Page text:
You might not need Metadata
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When going for Text Mining a collection of resources pretty much the first step is to check for the language. If it is a multi-language collection may be there is at least some metadata. At SUB we often use the METS/MODS standard based on XML.
Within MODS there is a
mods:languageTerm that can be checked against an authority
file for its named languages (or language codes). In this case it is the
iso639-2b (LoC). Unfortunately the schema is not applied very
strict as we can see in the following excerpt.
iso639-2b lists three-letter codes only.
pt is an
iso639-1 alpha-2 code for Portuguese so the document should be added to
por which is the correct notation. At least one can guess the correct language, by cross-checking the alpha-2 code. But they also mixed between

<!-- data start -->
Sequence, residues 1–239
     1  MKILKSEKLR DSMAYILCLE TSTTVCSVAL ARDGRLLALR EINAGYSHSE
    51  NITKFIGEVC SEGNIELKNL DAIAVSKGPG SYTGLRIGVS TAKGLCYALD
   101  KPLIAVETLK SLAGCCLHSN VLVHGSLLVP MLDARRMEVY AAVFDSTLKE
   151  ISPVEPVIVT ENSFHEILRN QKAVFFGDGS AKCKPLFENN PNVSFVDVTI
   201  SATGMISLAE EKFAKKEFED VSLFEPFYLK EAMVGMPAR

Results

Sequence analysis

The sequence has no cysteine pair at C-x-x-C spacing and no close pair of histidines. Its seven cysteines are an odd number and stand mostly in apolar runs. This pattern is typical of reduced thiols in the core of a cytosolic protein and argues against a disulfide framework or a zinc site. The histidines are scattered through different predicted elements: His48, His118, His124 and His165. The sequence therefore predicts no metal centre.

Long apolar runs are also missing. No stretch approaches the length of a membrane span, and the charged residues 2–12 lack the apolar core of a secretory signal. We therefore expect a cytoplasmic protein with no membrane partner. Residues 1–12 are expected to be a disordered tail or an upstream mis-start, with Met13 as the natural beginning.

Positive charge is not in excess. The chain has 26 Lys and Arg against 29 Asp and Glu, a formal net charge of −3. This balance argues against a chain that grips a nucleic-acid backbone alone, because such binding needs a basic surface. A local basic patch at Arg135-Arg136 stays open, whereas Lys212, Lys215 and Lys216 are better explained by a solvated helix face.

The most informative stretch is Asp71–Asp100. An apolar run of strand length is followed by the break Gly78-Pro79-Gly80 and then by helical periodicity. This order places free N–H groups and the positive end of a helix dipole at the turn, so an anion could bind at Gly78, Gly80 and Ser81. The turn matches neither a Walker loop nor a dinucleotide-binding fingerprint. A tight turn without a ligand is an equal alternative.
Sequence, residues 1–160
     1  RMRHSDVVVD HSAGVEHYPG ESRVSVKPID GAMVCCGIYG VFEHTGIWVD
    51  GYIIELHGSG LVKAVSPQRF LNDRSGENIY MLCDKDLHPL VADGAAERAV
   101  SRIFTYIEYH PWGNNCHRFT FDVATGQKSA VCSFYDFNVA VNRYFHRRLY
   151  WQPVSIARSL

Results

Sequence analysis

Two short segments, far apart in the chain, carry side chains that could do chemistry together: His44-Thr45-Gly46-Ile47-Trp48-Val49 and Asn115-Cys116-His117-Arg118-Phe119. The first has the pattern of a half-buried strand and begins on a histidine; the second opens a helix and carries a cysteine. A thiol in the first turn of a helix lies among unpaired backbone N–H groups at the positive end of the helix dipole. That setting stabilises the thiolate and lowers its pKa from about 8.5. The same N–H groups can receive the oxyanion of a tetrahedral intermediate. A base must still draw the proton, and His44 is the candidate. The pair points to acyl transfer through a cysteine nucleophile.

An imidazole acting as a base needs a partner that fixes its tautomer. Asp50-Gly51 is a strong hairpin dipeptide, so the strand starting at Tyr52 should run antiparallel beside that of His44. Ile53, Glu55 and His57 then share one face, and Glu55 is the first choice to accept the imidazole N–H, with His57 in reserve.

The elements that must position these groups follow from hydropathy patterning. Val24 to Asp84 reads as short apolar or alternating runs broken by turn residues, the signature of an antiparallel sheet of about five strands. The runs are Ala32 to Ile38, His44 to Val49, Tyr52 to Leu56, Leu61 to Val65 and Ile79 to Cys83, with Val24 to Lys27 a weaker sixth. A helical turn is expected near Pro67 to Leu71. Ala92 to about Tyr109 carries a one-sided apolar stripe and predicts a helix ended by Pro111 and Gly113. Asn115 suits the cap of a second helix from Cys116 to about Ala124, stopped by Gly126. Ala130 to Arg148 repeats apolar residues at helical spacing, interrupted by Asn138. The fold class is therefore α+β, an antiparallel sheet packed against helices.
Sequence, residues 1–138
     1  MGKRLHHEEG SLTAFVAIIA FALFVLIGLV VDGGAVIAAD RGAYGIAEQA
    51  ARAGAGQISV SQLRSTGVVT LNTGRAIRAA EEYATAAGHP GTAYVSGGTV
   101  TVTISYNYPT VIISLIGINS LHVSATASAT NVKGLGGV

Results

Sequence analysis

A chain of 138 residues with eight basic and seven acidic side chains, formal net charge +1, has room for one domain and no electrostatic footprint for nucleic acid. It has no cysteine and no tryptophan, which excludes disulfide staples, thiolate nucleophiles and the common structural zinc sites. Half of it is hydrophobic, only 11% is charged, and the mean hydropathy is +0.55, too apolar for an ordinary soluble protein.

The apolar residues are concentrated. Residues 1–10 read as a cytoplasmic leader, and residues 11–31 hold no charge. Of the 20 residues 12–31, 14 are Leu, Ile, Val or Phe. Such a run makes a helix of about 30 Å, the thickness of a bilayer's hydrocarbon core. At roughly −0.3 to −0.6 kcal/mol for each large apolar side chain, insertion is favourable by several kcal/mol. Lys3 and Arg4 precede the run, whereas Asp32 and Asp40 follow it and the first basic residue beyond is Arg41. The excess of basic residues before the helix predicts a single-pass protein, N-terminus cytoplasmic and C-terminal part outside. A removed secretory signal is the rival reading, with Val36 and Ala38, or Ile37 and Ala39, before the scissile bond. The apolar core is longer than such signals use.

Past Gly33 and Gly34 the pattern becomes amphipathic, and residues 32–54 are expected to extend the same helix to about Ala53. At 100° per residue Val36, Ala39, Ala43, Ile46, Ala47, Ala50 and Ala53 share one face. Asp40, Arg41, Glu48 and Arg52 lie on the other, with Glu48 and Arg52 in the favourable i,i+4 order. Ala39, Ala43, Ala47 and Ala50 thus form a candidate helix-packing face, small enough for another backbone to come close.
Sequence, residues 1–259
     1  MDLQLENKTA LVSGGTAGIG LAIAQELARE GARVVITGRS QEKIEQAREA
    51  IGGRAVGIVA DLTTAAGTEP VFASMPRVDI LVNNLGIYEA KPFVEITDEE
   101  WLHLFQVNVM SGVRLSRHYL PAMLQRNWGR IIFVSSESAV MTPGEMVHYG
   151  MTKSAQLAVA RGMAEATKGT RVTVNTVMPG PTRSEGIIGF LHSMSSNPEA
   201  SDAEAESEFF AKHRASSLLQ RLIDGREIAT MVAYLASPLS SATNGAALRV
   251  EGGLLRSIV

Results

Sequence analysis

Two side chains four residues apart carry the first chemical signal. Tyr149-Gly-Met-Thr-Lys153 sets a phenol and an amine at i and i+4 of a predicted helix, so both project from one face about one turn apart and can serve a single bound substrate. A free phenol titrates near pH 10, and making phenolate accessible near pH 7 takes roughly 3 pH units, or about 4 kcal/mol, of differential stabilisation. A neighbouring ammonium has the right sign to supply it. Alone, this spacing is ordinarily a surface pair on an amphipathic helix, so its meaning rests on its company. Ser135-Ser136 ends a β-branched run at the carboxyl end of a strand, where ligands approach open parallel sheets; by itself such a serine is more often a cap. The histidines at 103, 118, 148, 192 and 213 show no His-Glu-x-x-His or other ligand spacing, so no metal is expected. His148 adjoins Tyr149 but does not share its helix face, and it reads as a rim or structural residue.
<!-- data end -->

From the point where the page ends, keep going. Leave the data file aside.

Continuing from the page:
fra) what makes another cross-check necessary. For others like
de e we have to guess that this means something like German, while the blank field is just unusable as long as we are not going for automatic language detection.
There is quite a good one in the even longer complete list of language codes of
this special collection. It is
bel, the code for Belarusian. It is unlikely that
a resources published in Belgium is in Belarusian.
Six flaws are still in there:
|Culture, leisure, sports||1||1|
|Inhalt des XLIII. Bandes||1||1|
|New Books on the RWE Homepage||2||1|
Besides these mistakes, it seems that the most part is specified very well. We just have to correct about 10% of the data which can be done via script. But the question remains: Why there is no validation of these files?
You can look for these values by searching the index. The rather strange values are not in the index but still in the METS files, e.g. here.
Thanks to Michelle, who provided the title for this post.